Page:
Facebook said Wednesday that it will begin banning posts, photos and other content that reference white nationalism and white separatism, revising its rules in response to criticism that a loophole had allowed racism to thrive on its platform.
Previously, Facebook had prohibited users from sharing messages that glorified white supremacy — a rhetorical discrepancy in the eyes of civil rights advocates who argued that white nationalism, supremacy and separatism are indistinguishable and that the policy undermined the tech giant’s stepped-up efforts to combat hate speech online.
Facebook now agrees with that analysis. In a blog post announcing the ban on “praise, support and representation of white nationalism and separatism,” the company said, “It’s clear that these concepts are deeply linked to organized hate groups and have no place on our services.” The new policy also applies to Instagram.
The rise and spread of white nationalism on Facebook were thrown into sharp relief in the wake of the deadly Unite the Right rally in Charlottesville in 2017, when self-avowed white nationalists used the social networking site as an organizing tool.
The following year, Motherboard, a tech publication owned by Vice, obtained internal documents meant for training and guiding content reviewers that revealed Facebook treated the terms differently: The materials showed that Facebook permitted “praise, support and representation” of white nationalism and white separatism “as an ideology.” The policy drew sharp rebukes from civil rights advocates, who have argued for years that the terms are interchangeable.
Facebook’s decision comes one week after the company made another announcement to appeal to long-standing complaints from civil rights advocates: The company prohibited advertisers from excluding minorities and other protected groups from ads for housing, employment and credit.
While Facebook long had banned white supremacy, the company said in its blog post Wednesday that it “didn’t originally apply the same rationale to expressions of white nationalism and separatism because we were thinking about broader concepts of nationalism and separatism — things like American pride and Basque separatism, which are an important part of people’s identity.”
But conversations over the past three months with civil rights groups and academics led Facebook to rethink its practices, executives wrote. As part of the dialogue, the company reviewed a list of figures and organizations and found overlap between white nationalism, separatism and supremacy.
Civil rights groups applauded the move. “There is no defensible distinction that can be drawn between white supremacy, white nationalism or white separatism in society today,” Kristen Clarke, president and executive director of the Lawyers’ Committee for Civil Rights Under Law, said Wednesday in a statement.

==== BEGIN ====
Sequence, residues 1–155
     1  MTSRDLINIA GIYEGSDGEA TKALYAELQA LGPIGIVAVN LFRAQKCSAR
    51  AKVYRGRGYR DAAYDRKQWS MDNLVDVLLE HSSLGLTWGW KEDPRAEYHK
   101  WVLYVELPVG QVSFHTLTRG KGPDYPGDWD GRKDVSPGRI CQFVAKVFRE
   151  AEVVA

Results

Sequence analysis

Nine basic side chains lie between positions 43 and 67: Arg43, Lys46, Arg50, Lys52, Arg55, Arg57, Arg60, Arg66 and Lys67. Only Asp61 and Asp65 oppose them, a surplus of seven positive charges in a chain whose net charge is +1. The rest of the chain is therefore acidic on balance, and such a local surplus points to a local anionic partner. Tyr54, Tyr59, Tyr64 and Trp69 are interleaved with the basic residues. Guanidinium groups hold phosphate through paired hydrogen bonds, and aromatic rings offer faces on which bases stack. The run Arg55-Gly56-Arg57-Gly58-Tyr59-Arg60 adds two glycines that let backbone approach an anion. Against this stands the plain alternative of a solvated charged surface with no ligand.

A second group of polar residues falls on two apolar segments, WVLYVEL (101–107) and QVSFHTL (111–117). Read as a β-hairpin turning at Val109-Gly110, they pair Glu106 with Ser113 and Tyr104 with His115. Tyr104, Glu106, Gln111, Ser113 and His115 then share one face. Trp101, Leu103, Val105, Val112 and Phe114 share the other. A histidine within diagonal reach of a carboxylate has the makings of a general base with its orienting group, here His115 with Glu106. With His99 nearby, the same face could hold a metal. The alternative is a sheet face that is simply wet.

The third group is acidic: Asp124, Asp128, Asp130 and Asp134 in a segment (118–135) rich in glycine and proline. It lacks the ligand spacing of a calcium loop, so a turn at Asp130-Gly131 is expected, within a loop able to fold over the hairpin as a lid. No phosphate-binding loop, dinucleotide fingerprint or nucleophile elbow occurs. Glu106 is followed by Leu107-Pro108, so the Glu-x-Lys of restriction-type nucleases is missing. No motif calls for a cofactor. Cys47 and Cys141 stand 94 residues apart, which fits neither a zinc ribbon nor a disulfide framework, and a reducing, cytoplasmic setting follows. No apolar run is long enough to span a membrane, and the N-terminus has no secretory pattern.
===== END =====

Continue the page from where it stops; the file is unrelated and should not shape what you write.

The organization had pushed Facebook for months to change its policies, pointing to pages such as “It’s okay to be white,” which has more than 18,000 followers and has regularly defended white nationalism. Another, called “American White History Month 2,” often posted white-supremacist memes, according to the Lawyers’ Committee. A cached version of the page from late February showed it had more than 258,000 followers before it went offline.
Facebook’s new policy comes as the company continues to struggle to take down other content that attacks people on the basis of their race, ethnicity, national origin and a host of other “protected characteristics.” Between Jan. 1 and Sept. 30, 2018, Facebook took action against 8 million pieces of content that violated its rules on hate speech, according to its latest transparency report. Facebook is not legally required to remove this content, but its rules prohibit it.
To help enforce its policies, Facebook has developed and deployed artificial-intelligence tools that can spot and remove content even before users see it. But the technology isn’t perfect, particularly when it comes to hate speech. The company removes only about 50 percent of such posts at the moment users upload them, it said last year. As a result, such content still can go viral on Facebook — a reality the company confronted this month when users continued to upload videos of the mass shooting in New Zealand that left 50 people dead. The shooter specifically sought to target Muslims, authorities said.
To that end, civil rights groups said, Facebook still had considerable work to do to address the spread of hate speech on its platform.
“As we have seen with tragic attacks on houses of worship in Charleston, Pittsburgh, New Zealand, and elsewhere, there are real-world consequences when social media networks provide platforms for violent white supremacists, allowing them to incubate, organize, and recruit new followers to their hateful movements,” Clarke said.